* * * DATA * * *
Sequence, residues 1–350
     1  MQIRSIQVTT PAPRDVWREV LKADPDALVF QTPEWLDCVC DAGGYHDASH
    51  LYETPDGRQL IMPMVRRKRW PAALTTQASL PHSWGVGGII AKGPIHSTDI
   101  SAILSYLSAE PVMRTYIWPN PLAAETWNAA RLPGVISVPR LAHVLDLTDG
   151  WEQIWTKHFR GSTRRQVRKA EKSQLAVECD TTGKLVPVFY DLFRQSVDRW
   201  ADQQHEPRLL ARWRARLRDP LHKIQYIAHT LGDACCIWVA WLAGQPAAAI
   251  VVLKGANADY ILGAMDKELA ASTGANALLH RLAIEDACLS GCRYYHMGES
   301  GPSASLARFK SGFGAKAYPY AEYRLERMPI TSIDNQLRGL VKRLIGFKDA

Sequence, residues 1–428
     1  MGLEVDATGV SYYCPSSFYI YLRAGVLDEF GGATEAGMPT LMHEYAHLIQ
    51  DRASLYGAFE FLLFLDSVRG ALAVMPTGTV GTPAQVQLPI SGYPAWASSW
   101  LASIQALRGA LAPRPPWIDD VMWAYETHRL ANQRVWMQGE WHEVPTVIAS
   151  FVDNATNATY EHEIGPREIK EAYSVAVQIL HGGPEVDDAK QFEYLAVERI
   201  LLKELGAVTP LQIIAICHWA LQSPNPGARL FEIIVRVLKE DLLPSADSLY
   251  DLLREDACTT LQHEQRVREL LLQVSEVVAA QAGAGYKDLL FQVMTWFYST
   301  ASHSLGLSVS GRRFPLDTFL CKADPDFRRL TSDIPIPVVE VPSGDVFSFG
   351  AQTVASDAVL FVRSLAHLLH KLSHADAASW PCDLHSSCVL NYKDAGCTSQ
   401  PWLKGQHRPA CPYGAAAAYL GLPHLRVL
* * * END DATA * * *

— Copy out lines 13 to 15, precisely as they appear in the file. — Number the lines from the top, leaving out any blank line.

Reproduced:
   151  FVDNATNATY EHEIGPREIK EAYSVAVQIL HGGPEVDDAK QFEYLAVERI
   201  LLKELGAVTP LQIIAICHWA LQSPNPGARL FEIIVRVLKE DLLPSADSLY
   251  DLLREDACTT LQHEQRVREL LLQVSEVVAA QAGAGYKDLL FQVMTWFYST